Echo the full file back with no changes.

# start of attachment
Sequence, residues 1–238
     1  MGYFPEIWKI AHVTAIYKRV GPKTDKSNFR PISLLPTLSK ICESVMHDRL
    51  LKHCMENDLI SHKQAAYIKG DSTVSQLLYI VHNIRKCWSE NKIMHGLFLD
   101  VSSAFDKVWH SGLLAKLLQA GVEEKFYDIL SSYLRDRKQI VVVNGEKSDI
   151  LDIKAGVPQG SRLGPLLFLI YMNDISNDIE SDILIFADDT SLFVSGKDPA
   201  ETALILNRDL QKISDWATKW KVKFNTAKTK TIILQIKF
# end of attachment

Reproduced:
Sequence, residues 1–238
     1  MGYFPEIWKI AHVTAIYKRV GPKTDKSNFR PISLLPTLSK ICESVMHDRL
    51  LKHCMENDLI SHKQAAYIKG DSTVSQLLYI VHNIRKCWSE NKIMHGLFLD
   101  VSSAFDKVWH SGLLAKLLQA GVEEKFYDIL SSYLRDRKQI VVVNGEKSDI
   151  LDIKAGVPQG SRLGPLLFLI YMNDISNDIE SDILIFADDT SLFVSGKDPA
   201  ETALILNRDL QKISDWATKW KVKFNTAKTK TIILQIKF